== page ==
Cuffari, who previously worked as an aide to former Arizona governor Jan Brewer (R), was confirmed unanimously by the Senate in July. He declined a request for an interview through the office’s spokeswoman, Erica Paulson.

Paulson declined to answer questions sent in writing, and she said Costello was not authorized to speak publicly about the inspector general’s office.

“The Office of Inspector General respectfully declines to comment,” Paulson wrote in an email.

The inspector general’s headquarters were often empty on weekdays long before the coronavirus outbreak sent some federal workers home, according to one frustrated senior staffer. He described coming to work in recent months and regularly finding the lights off because no one else was there.

Established in 2002 after the creation of DHS in the wake of the Sept. 11, 2001, terrorist attacks, the inspector general was tasked with providing “independent oversight and promote excellence, integrity, and accountability” within the department. While the inspector general reports to the DHS secretary, the agency is designed to work closely with congressional oversight committees to preserve independence.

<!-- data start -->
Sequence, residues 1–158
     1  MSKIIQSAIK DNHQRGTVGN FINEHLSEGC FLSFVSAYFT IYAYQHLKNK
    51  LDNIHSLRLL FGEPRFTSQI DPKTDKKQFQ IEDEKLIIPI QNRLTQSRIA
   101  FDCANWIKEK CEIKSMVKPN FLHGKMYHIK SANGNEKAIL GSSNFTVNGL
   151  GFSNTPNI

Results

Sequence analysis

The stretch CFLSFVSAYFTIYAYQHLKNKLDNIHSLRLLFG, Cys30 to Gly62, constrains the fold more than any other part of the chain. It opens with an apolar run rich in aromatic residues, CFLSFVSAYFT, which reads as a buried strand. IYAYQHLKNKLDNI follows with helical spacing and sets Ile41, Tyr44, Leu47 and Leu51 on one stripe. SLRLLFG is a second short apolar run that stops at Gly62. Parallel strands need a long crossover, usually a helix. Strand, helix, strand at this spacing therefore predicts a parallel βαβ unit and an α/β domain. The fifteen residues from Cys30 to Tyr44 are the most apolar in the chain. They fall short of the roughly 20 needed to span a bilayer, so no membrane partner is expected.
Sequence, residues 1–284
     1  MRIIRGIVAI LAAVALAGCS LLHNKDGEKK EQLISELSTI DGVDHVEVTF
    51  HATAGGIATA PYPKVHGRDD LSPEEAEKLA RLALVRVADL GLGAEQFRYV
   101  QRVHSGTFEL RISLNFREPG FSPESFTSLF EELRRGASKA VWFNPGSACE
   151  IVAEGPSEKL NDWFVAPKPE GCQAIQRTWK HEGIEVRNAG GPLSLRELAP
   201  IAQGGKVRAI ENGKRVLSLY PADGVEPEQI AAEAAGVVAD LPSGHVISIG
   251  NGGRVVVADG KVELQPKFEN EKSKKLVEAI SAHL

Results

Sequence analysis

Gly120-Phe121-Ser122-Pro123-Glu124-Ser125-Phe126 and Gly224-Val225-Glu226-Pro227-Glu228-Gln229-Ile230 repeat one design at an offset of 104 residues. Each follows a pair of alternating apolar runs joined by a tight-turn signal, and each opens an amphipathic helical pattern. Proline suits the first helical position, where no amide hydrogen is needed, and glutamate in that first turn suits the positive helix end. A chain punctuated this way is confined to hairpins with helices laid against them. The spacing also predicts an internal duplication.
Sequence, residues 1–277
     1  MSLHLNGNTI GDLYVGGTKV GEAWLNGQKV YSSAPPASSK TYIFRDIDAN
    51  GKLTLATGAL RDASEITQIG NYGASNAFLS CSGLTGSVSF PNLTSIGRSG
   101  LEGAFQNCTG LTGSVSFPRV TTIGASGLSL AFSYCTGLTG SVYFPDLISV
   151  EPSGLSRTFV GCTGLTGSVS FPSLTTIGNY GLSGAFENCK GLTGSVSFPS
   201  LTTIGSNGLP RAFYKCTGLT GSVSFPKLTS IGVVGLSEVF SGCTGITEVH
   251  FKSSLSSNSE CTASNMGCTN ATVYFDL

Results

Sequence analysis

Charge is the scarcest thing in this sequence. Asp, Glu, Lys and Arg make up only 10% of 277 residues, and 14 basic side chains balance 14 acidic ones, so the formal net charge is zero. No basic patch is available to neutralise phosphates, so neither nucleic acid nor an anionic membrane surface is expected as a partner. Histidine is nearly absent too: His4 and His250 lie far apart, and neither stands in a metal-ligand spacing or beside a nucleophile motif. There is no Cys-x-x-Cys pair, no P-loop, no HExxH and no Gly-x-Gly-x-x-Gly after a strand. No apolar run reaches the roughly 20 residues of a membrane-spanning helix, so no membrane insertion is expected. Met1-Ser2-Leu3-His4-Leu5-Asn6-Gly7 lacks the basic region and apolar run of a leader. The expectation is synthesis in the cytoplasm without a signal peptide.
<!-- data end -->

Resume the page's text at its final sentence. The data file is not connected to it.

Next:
Since October, the office has published 17 audits and reports, many of which are routine reviews of Federal Emergency Management Agency grants to states and municipalities. Lawmakers have also raised concerns about the quality as well as the quantity of the office’s work.

Rep. Bennie Thompson (D-Miss.), chairman of the House Homeland Security Committee, has joined other lawmakers pressing for Cuffari to explain what is happening at his agency.

“Particularly in these times, we need a DHS Inspector General who can and will be a vigilant and thorough watchdog,” he said in a statement to The Washington Post, noting that he has invited the inspector general to testify at a hearing later this month and expects him to appear, as all other previous inspectors general have. “It is deeply troubling that the office is not releasing reports at the rate it has done in the past, and that the work that is being released is not up to standard. This clearly cannot continue.”